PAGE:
Thirty years after Captain Kirk and his daughter pretended that a new Cutlass Supreme was a space -ship, both cars look ancient, don't they? Which one aged better? Taste being like armpits, surprise, we're going with our big ole' Ninety-Eight here. Green be damned. We say that not because you'd be hard pressed to find a 1988 Cutlass in the shape our Ninety-Eight is, but because given a choice between the two, which one would today's "know-it-all" twenty something's be drawn to? One guess.

Millenials love cool as much as any generation ever has and while cool is subjective and hard to define, it's timeless. A 1988 Oldsmobile Cutlass Supreme? That's just old. A 1972 Oldsmobile Ninety-Eight? While it's even older, it exudes Clint Eastwood-Johnny Cash-Steve McQueen cool in buckets. And who knows better as to what cool is than kids today who have the ability to look at antiques in a vacuum without having their opinion clouded by context.

Derided when new for their wonton styling excess and vilified during the gas crunches, no series of cars epitomized American automotive glut than GM's enormous 1971 vintage full-size cars. Which, incidentally, came in two ginormous wheelbase lengths, extra long and "you've got to be kidding me" long. Our pristine subject being part of the latter. But of course. Go big or go home as we say.  

That extra girth giving just enough more rear seat leg room to create a remarkably spacious rear seating area. It also gave rear seat passengers a bit more room to wiggle themselves between the front seat backs and that hip breaking B pillar. If you've ever marveled at the condition of the rear seats on big coupes of this vintage, limited rear seat access is why that is.  

Oldsmobile was GM's middle division and skirted a precarious position between Buick and Pontiac.  Cadillac always had its own distinct image of high falutin prestige meanwhile Chevrolet was always the value leader. Our Ninety-Eight shares it's 121-inch wheelbase with the Buick Electra and all Cadillac's - so, for considerably less spent, owners could brag that what they had was just as good as a Cadillac. To some degree, it worked. GM sold a lot of these cars. Let's keep in mind, though, that back then there was no competition from imports for the type of buyer Oldsmobile targeted. 

Give credit where it's due; Oldsmobile didn't do well by default given that it had stiff competition from not only divisional rivals but makes and models from Ford and Chrysler. Unfortunately, where Oldsmobile ran aground was not adapting adequately to the new automobile market landscape that was on the very near horizon. In many ways, 1972 was the last of the good old days of form over function, thirty cent gas, hairstrand thin bumpers and nary a Lexus, Infiniti or "affordable" Mercedes Benz, Audi or BMW in sight.

Yes, this is your Father's Oldsmobile in all of its pre-safety bumper, pre-catalytic converter, 8 miles per gallon, 455 cubic inch Rocket V-8 glory. And, sorry Captain Kirk, to the contrary, it's much cooler than any Oldsmobile you and your daughter got to hawk. Beam us up, Scotty. We're going to 1972.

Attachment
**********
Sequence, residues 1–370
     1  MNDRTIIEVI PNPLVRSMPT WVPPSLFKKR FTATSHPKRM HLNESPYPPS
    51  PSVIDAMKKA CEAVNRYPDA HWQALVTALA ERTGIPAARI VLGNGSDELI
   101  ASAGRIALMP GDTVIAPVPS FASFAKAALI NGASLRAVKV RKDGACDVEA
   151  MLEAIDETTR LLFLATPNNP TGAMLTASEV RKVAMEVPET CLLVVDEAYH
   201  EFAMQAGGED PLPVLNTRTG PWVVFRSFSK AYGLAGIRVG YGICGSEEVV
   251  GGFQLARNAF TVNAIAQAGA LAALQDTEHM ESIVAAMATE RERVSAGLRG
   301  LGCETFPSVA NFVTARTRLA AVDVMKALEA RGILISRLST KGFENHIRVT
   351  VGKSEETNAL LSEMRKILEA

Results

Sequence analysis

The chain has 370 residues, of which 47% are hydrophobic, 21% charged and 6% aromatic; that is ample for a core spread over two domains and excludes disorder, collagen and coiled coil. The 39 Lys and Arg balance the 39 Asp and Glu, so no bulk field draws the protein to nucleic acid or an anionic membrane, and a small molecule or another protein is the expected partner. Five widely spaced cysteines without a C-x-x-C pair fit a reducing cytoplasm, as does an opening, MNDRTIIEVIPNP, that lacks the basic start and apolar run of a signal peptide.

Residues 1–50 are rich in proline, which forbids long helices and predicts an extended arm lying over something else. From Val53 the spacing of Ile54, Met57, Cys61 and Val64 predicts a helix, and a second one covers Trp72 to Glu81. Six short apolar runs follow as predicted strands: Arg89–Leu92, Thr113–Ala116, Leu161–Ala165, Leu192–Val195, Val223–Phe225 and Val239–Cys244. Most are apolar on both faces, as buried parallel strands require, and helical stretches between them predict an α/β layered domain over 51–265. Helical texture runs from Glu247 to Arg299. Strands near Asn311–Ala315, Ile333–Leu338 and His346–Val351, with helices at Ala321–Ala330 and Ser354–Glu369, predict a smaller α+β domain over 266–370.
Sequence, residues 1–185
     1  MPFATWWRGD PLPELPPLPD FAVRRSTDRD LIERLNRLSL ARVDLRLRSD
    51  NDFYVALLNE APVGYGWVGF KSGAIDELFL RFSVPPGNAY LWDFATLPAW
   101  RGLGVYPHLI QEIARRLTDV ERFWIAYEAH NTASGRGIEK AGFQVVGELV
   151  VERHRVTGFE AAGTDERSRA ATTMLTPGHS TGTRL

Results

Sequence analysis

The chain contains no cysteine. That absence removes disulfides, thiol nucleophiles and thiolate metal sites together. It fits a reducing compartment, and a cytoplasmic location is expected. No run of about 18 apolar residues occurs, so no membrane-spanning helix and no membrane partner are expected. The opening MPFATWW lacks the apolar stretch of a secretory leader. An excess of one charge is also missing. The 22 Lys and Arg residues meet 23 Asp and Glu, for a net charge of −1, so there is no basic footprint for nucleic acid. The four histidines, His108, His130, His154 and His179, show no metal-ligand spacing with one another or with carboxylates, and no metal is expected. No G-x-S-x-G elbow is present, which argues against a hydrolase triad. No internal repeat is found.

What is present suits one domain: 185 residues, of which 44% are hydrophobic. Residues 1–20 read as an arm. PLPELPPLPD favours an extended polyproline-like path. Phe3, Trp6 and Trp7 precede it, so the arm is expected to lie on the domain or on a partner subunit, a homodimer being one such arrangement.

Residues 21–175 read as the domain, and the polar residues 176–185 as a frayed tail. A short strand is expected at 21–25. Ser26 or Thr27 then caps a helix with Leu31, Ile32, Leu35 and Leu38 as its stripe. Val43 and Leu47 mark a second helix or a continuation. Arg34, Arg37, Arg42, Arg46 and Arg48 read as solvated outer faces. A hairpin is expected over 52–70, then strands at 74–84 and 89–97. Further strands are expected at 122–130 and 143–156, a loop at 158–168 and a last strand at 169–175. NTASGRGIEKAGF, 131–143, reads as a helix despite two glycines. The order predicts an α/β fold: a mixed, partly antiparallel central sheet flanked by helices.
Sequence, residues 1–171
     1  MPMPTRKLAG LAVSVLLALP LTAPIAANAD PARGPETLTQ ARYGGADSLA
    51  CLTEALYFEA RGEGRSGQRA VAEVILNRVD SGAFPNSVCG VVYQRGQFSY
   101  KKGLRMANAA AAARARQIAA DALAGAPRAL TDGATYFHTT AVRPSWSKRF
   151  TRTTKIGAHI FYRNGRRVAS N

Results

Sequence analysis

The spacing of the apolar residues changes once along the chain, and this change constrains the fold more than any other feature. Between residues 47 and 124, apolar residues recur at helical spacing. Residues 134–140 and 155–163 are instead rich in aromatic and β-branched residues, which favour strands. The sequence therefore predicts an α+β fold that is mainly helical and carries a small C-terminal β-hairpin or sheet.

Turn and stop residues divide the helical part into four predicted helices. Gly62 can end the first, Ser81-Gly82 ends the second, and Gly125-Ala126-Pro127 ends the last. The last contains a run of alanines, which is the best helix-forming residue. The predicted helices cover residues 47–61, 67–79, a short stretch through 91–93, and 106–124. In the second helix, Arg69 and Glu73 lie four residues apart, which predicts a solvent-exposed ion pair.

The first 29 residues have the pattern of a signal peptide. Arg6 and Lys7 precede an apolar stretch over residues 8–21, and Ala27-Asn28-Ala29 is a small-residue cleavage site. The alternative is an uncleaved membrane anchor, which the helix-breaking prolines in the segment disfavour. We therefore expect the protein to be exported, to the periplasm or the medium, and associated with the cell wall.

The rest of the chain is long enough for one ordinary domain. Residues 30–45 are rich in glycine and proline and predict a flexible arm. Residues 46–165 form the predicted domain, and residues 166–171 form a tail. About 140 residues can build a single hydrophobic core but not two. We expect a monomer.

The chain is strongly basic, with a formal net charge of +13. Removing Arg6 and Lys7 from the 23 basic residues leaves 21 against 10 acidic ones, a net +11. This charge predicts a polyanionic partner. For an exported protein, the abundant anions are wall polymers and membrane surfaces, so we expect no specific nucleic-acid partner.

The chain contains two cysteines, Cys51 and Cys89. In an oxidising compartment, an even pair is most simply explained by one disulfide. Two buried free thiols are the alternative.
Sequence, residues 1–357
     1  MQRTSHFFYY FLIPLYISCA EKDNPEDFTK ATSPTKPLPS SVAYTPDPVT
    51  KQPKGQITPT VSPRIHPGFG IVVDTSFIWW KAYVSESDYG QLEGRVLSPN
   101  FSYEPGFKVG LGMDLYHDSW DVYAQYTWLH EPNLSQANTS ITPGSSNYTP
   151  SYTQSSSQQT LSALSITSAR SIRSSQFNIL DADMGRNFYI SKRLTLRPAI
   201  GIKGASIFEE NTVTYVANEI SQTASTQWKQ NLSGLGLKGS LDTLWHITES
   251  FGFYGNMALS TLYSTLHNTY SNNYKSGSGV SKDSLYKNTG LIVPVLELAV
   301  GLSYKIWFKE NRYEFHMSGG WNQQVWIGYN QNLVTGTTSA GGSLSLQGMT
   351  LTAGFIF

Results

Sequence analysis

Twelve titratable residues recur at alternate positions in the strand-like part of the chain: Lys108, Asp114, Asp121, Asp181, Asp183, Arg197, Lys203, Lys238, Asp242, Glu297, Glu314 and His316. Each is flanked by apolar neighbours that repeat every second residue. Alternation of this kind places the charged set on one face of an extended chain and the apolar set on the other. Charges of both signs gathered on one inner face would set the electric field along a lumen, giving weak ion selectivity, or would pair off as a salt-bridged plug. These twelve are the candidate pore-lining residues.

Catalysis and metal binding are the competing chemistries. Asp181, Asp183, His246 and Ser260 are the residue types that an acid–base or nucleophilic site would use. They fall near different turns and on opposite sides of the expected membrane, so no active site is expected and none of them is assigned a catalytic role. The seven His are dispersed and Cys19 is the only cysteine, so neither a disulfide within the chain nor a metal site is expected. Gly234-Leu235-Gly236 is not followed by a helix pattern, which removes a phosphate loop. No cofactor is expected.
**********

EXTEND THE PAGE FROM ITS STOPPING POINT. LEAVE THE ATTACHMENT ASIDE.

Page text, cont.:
Friday, February 16, 2018

1998 Chevrolet Monte Carlo Z34 - Zee Rest Is History

I've always thought it odd that Chevrolet did away with it's much vaunted "Monte Carlo" nameplate after 1987. If there was so much cache in the nameplate that they brought it back in 1995, why'd they'd ditch it in the first place? Well, regardless, from 1995 through 1999, Chevrolet called the two door version of their updated four door Lumina "Monte Carlo". From from 1990-1994, the spiritual successor to the late, some times great, more often times barely mediocre, Monte Carlo, was simply called Lumina. The top of the line of the Lumina/Monte Carlo from 1991-1999 was the Z34. Our subject is a 1998 Monte Carlo Z34.

You wouldn't be alone in presuming that the "34" in Z34 was homage to the "LQ1", 3.4 liter, "Dual Twin Cam V-6" that all Z34's had from 1991-1997. However, it appears to be coincidental that the Lumina and Monte Carlo Z34's both originally had a 3.4 liter engine since "Z34" was their "RPO" or Regular Production Order code. Someone in marketing must have thought that "Z34" sounded marketable ala Camaro Z28. Z28 being the original RPO denoting the top-of-the-line Camaro RS/SS.   

For 1998, Chevrolet dropped the LQ1 in favor of the L36 or "Series II 3800 V-6". While the L36 made less horsepower than the LQ1, it's similar peak torque rating was made at a lower rpm making the L36 feel more powerful and responsive. Especially at lower rpm. Some say the LQ1 was discontinued because it was problematic, expensive and difficult to work on and was unpopular with buyers. Others say that  GM had a relative glut of six cylinder engines at the time, both on the market and in development, and something had to go.

Whether the Monte Carlo Z34 was powered by the 3.4 DOHC V-6 (1995-1997) or the 3800 (1998-1999), checking the "Z" box on the order form also got buyers dual exhaust tips, red bow ties fore, aft and on the wheels (as opposed to chrome), and, most importantly, a "Ride and Handling" package combining Goodyear Eagle RS-A's with four stage strut valving and larger diameter (than stock) anti-roll bars.

I had a 1997 Monte Carlo LS and curiously, it had the same "Ride and Handling" package as the Z34 making me feel quite smart forgoing the Z34's extra cost. That and the fact I found the L82, "3100 SFI V-6" the equal if not better engine compared to the LQ1. The Monte Carlo LS was also available with the same leather thrones the Z34 had available so, again, zee point of the Z34?

Well, the point of the Z34 for 1998 and 1999 meant you also got the glorious, god's green earth, 3800 V-6. Why'd they make the 3.4 DOHC in the first place? Great question. Best I can hypothesize is that GM Powertrain went into a tizzy when Ford rolled out the 220 horsepower, "Super High Output" DOHC V-6 in the 1989 Taurus "SHO". So, they rushed a multivalve, "parts bin" sourced V-6 to production so they could have something similar. You know what happens when you rush things and cut corners. Zee rest is history.

When Chevrolet updated the Monte Carlo for 2000, they dropped the RPO code "Z34" designation on their top of the line model replacing it with their venerable "SS" badging. Something they should have done from the get go along with never having dropped "Monte Carlo" from their lineup in the first place.
Chevrolet built the Monte Carlo through 2007.